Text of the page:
Wayland Relative Pointer API Progress

x414e54 x414e54 at linux.com
Sat Apr 18 07:58:29 PDT 2015

> Hi,
> then actually mice are absolute not relative. They have two axis that
> measure absolute ball rotation speed in two directions just like
> joystick has two axis that measure absolute stick excentricity.
> Thanks
> Michal

This is not really constructive to the api but:

Mice are not absolute because they are just measuring movement of a
surface relative to itself, when you are not moving the mouse there is
no axis value. You could take the ball out and turn it over and put it
back in the absolute position of the ball has changed but the mouse
axis has not. For some ball mice the rollers measure the movement of a
wheel with small holes inside it, when it moves it breaks the
connection the chip registers this and uses it to calculate the delta
for that axis. Optical mice are just taking small images of the
surface and using that information to calculate a distance moved,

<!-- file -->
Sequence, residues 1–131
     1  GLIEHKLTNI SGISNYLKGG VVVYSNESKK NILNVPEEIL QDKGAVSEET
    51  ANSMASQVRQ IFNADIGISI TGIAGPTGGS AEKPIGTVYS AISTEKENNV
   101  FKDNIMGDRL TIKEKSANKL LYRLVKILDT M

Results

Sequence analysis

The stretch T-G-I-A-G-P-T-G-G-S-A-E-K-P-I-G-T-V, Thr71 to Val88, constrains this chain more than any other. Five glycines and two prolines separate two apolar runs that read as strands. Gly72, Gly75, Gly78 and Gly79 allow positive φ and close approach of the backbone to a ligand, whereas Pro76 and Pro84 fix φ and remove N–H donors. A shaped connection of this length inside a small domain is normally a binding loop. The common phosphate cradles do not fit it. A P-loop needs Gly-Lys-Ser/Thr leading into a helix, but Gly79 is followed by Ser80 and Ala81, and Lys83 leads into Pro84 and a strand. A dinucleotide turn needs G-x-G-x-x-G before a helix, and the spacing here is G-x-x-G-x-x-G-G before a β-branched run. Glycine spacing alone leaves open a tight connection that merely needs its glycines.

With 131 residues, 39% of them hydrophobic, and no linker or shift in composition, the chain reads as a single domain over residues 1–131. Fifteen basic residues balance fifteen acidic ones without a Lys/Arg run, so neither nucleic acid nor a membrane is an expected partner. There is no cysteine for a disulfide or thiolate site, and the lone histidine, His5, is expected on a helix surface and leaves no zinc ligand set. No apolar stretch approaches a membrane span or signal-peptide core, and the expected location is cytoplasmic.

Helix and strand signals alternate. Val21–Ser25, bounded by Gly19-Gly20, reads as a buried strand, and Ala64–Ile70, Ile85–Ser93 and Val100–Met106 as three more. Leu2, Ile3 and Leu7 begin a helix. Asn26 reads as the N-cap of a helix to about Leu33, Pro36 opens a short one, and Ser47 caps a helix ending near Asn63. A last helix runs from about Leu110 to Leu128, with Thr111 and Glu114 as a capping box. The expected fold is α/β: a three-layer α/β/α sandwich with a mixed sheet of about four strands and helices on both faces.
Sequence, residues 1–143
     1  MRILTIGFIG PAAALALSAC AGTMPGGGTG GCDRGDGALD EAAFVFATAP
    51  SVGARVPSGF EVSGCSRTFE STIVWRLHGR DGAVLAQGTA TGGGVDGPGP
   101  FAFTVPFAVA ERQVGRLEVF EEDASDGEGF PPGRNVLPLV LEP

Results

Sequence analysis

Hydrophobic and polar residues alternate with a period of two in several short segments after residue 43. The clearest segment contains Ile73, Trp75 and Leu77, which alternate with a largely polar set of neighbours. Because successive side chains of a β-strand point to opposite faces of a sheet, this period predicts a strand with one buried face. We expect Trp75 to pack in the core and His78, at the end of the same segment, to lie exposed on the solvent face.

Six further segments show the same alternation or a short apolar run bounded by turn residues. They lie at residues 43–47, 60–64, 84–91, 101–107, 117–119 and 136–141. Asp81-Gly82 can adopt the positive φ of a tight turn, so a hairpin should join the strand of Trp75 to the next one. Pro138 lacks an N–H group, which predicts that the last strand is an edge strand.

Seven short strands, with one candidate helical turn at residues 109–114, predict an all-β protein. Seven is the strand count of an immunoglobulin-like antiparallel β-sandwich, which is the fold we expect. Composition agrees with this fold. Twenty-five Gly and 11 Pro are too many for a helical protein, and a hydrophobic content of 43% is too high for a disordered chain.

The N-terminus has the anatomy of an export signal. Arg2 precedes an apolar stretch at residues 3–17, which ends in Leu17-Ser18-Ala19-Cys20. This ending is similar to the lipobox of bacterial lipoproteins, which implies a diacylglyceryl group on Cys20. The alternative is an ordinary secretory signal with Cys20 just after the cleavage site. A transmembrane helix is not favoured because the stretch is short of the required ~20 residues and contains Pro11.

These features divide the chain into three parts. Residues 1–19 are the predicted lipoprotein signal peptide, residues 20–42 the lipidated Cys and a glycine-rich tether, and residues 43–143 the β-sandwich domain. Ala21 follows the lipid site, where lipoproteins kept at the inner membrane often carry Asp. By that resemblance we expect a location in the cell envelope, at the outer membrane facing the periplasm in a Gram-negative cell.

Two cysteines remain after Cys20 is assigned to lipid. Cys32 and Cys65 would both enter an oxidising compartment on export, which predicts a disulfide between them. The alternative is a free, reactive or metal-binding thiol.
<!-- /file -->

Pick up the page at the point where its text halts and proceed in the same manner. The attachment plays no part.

again relative motion.

A joystick does not necessarily have 2 axis and in most cases yes they
are reporting an absolute position of the axis in the driver but it
does not necessarily mean that the the hardware is absolute. For
example if a joystick is using the same slotted optical system as the
ball mice then this would be measuring relative motion and using it to
calculate the absolute axis value, under some circumstances the
position could become out of sync until re-calibrated by moving to the
joystick to the maximum and minimum values for all axes or having it
automatically re-center.

USB HID specifications define a pointer and a mouse as two completely
different inputs. A mouse can be a used as a pointer because it is
pushing the cursor around but the pointer points at a specific

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